Results (c):

Results: The majority of the surveys were completed by Physicians (90%), and the rest were completed by Physicians Assistants or Nurse Practitioners. Most facilities (35%) surveyed contained between 100-150 patient beds, and over 85% of the patients died in the nursing home facility, with only 10% dying at the hospitals. The provider felt that over 49% of the patients spiritual needs were met, 10% did not feel needs were met, 20% responded NA, and the rest felt they were unsure due to advanced dementia of the patient. Lastly, 77% of providers felt the patient experienced a “good death”, and 13% (34) did not feel the patient had a good death. The most common attributes associated with a good death were pain free, family present, and sudden or peaceful death. Severe pain or patients uncomfortable were most commonly reported for a “bad death.”

Conclusions (d):

Conclusion: With continuing advances in medical technology, pharmaceuticals, and aging research, the elderly population of the United States is growing. To that end, it is important for providers to be prepared to address issues related to EOL decisions. A provider’s personal practices, perception and help in transitioning patients at the end of life are important factors to understand so that more patients can experience a good death.

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PHYSICIANS PRACTICES AND END OF LIFE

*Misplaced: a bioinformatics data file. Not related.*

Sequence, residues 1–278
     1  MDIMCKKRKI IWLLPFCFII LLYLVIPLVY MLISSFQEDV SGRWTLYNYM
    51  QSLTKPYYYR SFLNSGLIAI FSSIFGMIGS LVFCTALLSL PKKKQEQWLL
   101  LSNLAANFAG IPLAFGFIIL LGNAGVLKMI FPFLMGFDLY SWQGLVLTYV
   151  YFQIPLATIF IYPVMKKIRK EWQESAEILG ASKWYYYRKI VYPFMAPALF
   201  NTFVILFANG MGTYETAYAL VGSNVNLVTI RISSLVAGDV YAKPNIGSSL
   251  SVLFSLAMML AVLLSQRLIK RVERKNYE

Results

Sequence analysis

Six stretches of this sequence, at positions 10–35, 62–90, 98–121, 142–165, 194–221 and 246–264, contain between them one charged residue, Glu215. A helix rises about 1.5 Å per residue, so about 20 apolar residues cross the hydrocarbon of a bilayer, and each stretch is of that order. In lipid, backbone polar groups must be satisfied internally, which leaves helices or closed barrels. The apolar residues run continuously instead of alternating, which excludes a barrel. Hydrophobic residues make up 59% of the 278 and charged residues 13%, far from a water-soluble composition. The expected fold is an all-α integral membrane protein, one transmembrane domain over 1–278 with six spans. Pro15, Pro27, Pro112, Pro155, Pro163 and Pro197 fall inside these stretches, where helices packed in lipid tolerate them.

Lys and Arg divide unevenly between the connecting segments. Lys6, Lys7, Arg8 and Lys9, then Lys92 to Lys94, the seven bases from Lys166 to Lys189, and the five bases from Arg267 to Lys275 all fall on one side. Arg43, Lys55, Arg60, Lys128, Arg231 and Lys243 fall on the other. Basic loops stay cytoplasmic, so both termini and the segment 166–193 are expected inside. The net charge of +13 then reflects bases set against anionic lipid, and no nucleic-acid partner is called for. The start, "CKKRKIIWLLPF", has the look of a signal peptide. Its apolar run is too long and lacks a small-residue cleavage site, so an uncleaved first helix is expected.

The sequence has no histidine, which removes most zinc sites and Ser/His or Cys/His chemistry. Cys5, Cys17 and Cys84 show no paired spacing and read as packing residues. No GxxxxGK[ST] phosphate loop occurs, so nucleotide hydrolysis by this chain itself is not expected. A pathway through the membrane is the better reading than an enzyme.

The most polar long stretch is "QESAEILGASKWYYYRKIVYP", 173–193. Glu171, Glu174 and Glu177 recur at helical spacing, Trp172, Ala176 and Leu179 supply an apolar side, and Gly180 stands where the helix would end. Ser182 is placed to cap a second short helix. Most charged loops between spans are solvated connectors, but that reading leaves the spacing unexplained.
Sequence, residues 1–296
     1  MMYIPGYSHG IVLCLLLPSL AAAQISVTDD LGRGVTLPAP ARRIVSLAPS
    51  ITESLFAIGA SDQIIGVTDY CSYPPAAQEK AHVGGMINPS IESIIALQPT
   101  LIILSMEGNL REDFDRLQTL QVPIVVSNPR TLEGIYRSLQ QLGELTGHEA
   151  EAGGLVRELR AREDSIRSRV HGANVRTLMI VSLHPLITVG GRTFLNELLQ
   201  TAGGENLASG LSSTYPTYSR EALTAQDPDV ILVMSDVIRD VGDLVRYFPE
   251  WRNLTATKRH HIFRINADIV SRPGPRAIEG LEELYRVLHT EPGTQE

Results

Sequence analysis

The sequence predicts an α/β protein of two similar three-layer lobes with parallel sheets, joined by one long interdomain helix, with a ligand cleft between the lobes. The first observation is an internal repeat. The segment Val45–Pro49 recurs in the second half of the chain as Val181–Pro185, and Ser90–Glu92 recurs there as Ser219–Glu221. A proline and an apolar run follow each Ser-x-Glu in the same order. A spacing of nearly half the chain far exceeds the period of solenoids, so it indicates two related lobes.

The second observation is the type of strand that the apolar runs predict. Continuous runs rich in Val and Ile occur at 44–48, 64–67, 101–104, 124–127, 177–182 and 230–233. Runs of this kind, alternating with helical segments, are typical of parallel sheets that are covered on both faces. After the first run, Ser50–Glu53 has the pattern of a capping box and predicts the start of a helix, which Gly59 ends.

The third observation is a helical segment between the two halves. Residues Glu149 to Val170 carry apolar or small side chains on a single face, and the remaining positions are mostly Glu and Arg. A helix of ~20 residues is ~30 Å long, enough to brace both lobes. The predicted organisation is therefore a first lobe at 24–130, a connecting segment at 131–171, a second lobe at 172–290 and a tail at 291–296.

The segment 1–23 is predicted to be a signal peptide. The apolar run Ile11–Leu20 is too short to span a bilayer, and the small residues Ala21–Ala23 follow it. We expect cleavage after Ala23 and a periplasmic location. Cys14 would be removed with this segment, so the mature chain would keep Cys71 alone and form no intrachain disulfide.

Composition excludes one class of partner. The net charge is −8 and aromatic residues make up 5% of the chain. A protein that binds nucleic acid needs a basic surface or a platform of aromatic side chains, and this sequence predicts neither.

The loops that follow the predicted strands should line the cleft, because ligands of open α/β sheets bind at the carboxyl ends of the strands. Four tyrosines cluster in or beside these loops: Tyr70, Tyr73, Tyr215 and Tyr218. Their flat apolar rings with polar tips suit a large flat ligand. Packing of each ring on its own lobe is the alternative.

Physicians Practices and End of Life Sina Najafi and Janet Lieto, DO, FACOFP ABSTRACT Purpose: The numbers of people who spend their last months of their life in nursing homes and hospices are increasing rapidly. The percentage of older people who received hospice care in the last 30 days of life increased from 19 percent in 1999 to 43 percent in 2009. The percentage of older Americans who died in hospitals dropped from 49 percent in 1999 to 32 percent in 2009. The percentage that died at home increased from 15 percent in 1999 to 24 percent in 2009. This increase in hospice care requires more consideration of palliative care and end of life (EOL) decisions. Physicians often play a role in EOL of their patients in the nursing home setting, and are integral in discussing EOL decision related to care. Thus more research is needed to understand the clinician’s perceptions of spirituality and what constitutes a good death. The goal of this study was to assess healthcare providers' practices that influence end of life care in the nursing home and identify those factors that are associated with what practitioners deem to be a "good death." Methods: A group of 57 healthcare providers working in nursing homes in the United States completed surveys on the end of life experiences of 259 patients. A brief anonymous survey including both open- and closed-ended questions assessed the provider’s practices and perceptions of end of life practices of up to 10 of their patients that had just died. The survey included the demographics of healthcare providers, patients, and institutions. There were also questions regarding the availability of services (e.g., hospice care) within the nursing home and practice patterns of providers and institutions. Lastly, respondents were asked if they felt their patient(s) experienced a "good death." Results: The majority of the surveys were completed by Physicians (90%), and the rest were completed by Physicians Assistants or Nurse Practitioners. Most facilities (35%) surveyed contained between 100-150 patient beds, and over 85% of the patients died in the nursing home facility, with only 10% dying at the hospitals. The provider felt that over 49% of the patients spiritual needs were met, 10% did not feel needs were met, 20% responded NA, and the rest felt they were unsure due to advanced dementia of the patient. Lastly, 77% of providers felt the patient experienced a “good death”, and 13% (34) did not feel the patient had a good death. The most common attributes associated with a good death were pain free, family present, and sudden or peaceful death. Severe pain or patients uncomfortable were most commonly reported for a “bad death.” Conclusion: With continuing advances in medical technology, pharmaceuticals, and aging research, the elderly population of the United States is growing. To that end, it is important for providers to be prepared to address issues related to EOL decisions. A provider’s personal practices, perception and help in transitioning patients at the end of life are important factors to understand so that more patients can experience a good death.